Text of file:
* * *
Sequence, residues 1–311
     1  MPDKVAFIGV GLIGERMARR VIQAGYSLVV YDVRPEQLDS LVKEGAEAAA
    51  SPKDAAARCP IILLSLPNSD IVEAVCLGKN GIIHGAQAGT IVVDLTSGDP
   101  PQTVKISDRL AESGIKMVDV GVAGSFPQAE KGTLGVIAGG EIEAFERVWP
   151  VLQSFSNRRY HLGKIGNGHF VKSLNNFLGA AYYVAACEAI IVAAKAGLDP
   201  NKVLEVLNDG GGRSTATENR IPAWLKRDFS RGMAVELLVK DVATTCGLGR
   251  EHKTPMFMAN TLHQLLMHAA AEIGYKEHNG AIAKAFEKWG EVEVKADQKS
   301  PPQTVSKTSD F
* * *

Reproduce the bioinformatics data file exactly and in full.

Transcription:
Sequence, residues 1–311
     1  MPDKVAFIGV GLIGERMARR VIQAGYSLVV YDVRPEQLDS LVKEGAEAAA
    51  SPKDAAARCP IILLSLPNSD IVEAVCLGKN GIIHGAQAGT IVVDLTSGDP
   101  PQTVKISDRL AESGIKMVDV GVAGSFPQAE KGTLGVIAGG EIEAFERVWP
   151  VLQSFSNRRY HLGKIGNGHF VKSLNNFLGA AYYVAACEAI IVAAKAGLDP
   201  NKVLEVLNDG GGRSTATENR IPAWLKRDFS RGMAVELLVK DVATTCGLGR
   251  EHKTPMFMAN TLHQLLMHAA AEIGYKEHNG AIAKAFEKWG EVEVKADQKS
   301  PPQTVSKTSD F